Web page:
- The Washington Times - Sunday, December 3, 2006

LONDON — Britain’s senior law-enforcement official said yesterday that an inquiry into the death of a former KGB agent had expanded overseas, and a U.S.-based friend of the former agent said he had told police the name of the person he thinks orchestrated the poisoning.

Yuri Shvets said he had known the poisoned ex-spy, Alexander Litvinenko, since 2002 and spoke with him on Nov. 23, the day Mr. Litvinenko died from exposure to a rare radioactive element, polonium-210.

“The truth is, we have an act of international terrorism on our hands. I happen to believe I know who is behind the death of my friend Sasha and the reason for his murder,” Mr. Shvets said by telephone from the United States, referring to Mr. Litvinenko by his Russian nickname.

Mr. Shvets, also a former KGB officer, declined to say who he thought was behind Mr. Litvinenko’s death because of concern it could disrupt the investigation. He also declined to offer details on a document that he said he had given to the British officers.

“This is firsthand information, this is not gossip. I gave them the firsthand information that I have,” Mr. Shvets said.

In London, meanwhile, Home Secretary John Reid said the inquiry would go wherever “the police take it.”

“Over the next few days, I think all of these things will widen out a little from the circle just being here in Britain,” Mr. Reid told Britain’s Sky News television.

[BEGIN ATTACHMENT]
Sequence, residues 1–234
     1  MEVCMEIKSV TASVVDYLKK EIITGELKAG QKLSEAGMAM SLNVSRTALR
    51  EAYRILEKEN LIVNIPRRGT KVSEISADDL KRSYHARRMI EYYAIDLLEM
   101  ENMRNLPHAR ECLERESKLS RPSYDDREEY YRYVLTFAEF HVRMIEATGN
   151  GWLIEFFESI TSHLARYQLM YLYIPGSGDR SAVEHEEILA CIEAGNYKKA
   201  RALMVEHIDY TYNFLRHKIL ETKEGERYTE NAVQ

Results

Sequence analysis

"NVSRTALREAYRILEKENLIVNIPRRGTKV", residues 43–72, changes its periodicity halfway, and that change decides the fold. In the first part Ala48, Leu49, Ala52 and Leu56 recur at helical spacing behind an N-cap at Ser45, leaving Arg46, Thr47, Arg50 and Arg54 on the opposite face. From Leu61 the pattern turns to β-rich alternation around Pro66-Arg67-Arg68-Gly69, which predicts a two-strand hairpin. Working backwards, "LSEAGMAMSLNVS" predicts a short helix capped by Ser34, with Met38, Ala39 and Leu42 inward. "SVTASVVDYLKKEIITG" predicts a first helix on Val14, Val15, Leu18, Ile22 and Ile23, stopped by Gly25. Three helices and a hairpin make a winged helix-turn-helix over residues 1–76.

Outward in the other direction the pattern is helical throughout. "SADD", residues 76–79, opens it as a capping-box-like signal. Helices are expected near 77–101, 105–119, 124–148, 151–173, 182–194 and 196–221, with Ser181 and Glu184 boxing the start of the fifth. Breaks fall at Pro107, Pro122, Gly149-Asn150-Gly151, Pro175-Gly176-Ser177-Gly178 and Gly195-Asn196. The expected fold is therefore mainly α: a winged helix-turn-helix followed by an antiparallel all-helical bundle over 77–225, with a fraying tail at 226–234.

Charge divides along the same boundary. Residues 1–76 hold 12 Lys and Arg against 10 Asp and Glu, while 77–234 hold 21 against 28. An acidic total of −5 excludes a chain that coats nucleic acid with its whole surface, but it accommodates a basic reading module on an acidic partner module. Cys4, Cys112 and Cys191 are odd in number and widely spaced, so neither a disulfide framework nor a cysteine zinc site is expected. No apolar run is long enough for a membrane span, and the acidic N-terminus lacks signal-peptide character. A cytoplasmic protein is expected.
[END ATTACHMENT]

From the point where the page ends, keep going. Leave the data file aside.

The British police official said police were expected to travel to Russia in coming days for interviews, including with Andrei Lugovoi. Mr. Lugovoi is another former Russian spy who met with Mr. Litvinenko on Nov. 1, the day Mr. Litvinenko fell ill.

The Sunday Times newspaper quoted Mr. Lugovoi as saying he had also been contaminated with polonium-210, but he did not say whether he had fallen ill. He denied that he and two business associates who accompanied him to the Nov. 1 meeting were involved in Mr. Litvinenko’s death.

“We suspect that someone has been trying to frame us,” the Times quoted Mr. Lugovoi as saying. “Someone passed this stuff onto us … to point the finger at us and distract the police.”

Repeated attempts by the Associated Press to reach Mr. Lugovoi in Moscow through a business associate have been unsuccessful.

Mr. Litvinenko said from his deathbed that he thought Russian President Vladimir Putin was behind his poisoning. Mr. Putin has dismissed the accusation as “nonsense.”

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